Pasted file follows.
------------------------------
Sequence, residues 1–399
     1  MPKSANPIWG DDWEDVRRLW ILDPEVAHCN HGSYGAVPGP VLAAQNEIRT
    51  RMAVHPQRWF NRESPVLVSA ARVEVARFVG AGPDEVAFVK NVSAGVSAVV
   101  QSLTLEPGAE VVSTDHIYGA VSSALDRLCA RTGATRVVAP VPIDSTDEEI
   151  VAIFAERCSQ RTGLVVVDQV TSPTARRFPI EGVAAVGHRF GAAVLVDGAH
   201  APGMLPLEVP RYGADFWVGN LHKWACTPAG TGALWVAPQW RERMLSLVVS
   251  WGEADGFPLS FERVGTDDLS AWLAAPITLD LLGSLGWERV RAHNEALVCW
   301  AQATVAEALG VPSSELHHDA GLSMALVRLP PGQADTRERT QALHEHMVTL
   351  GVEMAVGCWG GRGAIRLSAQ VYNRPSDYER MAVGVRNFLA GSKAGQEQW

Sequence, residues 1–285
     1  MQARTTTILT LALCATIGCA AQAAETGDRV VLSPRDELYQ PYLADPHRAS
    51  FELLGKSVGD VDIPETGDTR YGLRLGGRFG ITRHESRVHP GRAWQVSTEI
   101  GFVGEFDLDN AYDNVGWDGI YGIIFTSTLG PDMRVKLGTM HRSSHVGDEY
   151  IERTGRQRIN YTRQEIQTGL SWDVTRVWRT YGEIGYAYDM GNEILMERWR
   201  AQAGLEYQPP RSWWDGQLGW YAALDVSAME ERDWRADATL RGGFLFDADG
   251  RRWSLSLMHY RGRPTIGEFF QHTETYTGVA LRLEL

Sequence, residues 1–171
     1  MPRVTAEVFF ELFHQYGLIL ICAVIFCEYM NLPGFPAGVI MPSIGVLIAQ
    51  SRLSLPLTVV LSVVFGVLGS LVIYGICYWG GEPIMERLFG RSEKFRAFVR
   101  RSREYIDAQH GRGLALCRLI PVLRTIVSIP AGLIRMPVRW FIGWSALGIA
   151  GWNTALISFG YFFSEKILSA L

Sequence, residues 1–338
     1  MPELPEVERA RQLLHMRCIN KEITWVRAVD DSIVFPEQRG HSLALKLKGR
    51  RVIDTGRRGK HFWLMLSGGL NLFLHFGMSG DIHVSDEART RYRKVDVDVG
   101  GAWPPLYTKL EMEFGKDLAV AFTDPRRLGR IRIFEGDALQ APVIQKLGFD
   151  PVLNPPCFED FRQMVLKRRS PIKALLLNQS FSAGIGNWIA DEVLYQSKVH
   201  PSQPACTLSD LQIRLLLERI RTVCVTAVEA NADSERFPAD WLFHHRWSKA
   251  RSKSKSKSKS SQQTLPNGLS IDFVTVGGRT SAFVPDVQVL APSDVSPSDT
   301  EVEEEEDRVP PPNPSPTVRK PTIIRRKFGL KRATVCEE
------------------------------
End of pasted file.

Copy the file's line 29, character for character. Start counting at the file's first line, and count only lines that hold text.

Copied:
   301  EVEEEEDRVP PPNPSPTVRK PTIIRRKFGL KRATVCEE